Beginner’s Guide to Skiing: How to Prep
Winter holiday is all about that incredible, awesome feeling; knowing that you’re going to have a fantastic time skiing on the slopes. It’s quite an experience gliding down the slopes, enjoying the snow and the scenery. That is to say, as a first-time skier, you must have a lot of questions, like what to know before going skiing? What kind of ski gear and clothes to get? Does it get warm when skiing? How to avoid injuries, etc.?
Thus, here is a beginner’s guide to skiing to help you prepare for the best ski trip so you can enjoy your holiday with your friends and family.
Table of Contents
Essential follow-ups before skiing
If you’re a first-time skier, it’s important to be prepared and plan your ski trip in accordance with your ski skills. Remember, you’re a beginner so you have to be patient and take it slow. Don’t rush! Skiing is a sport and therefore, be practical by getting into physical shape a few weeks before your skiing trip.
Moreover, getting a hotel or a resort near the ski lifts will make your life easier when it comes to carrying your ski equipment up to the slopes. Ski equipment is heavy, so it’s good to find a place within short walking distance. Research properly and find the best ski resort for you. At the same time, pre-book a lift pass, lessons, and equipment before your ski trip.
Lastly, keep an eye on snow reports and weather forecasts. It is crucial to check before you select a resort. You don’t want to stay in the hotel for the entire holiday just because the weather went bad.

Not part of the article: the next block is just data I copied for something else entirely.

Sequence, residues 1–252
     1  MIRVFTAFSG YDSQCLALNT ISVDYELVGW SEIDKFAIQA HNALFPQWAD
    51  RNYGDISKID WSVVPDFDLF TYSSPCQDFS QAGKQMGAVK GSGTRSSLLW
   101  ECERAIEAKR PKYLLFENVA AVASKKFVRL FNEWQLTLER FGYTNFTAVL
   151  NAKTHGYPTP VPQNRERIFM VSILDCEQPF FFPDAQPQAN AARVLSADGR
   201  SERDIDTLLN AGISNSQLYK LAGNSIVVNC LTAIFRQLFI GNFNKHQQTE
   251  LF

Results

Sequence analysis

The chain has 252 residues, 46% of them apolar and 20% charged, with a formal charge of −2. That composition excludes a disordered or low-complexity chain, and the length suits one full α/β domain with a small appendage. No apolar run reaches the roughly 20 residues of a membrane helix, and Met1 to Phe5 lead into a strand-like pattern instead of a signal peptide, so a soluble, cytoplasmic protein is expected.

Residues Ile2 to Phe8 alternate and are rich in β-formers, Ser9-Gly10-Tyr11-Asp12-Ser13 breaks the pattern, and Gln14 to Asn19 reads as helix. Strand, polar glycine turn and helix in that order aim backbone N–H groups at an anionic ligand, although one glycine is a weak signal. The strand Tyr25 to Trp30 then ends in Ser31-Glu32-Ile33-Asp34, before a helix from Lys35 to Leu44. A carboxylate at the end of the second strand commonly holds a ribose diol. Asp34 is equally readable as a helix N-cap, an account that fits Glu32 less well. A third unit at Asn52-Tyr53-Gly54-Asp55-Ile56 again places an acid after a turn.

Importance of ski gear and clothes
It is very important to get the right ski gear and clothes for your winter ski holiday. If you’re a first-time skier, it is recommended to get rental gear. Usually, ski resorts and shops have rental gear and some of the clothes. Therefore, take your time and try these out. For those out there that don’t know what kind of ski gear and clothes to pack, here’s a checklist to help you pack for your holiday.
- Helmet – one of the most important ski gears as it can contribute to reducing any head injuries by 40% to 60%. It’s an excellent, useful gear to ensure you don’t sustain any head injuries.
- Goggles – Goggles are essential as it protects your eyes from UV rays, snow debris, and fog. Make sure to get fitted frame goggles.
- Ski boots – Getting the right ones that fit you increases your chance to control your ski movement. In other words, you will fall less often.
- Base layers – It provides warmth to your body and stops the cold settling into your body.
- Socks – proper fitting ski socks are recommended as it keeps your foot warm all day. Sheep wool socks are not suitable for ski sports.
- Trousers – Ski trousers are not to be confused with base layer trousers. Both are equally important for the comfort and protection from the cold.
- Jacket –Get the right jacket that is waterproof, snowproof, insulated, lots of pockets and comes with fleece linings.
- Gloves – Frostbite is a serious injury. Getting gloves will not only keep your hands warm but also keeps your hand dry.
Frequent accidents and how to avoid injuries
It’s important to remember that you will fall multiple times as a first-time skier. There is nothing embarrassing about it. Remember, snow is slippery, and you’re bound to fall couple times. Here are some tips to avoid injuries while skiing.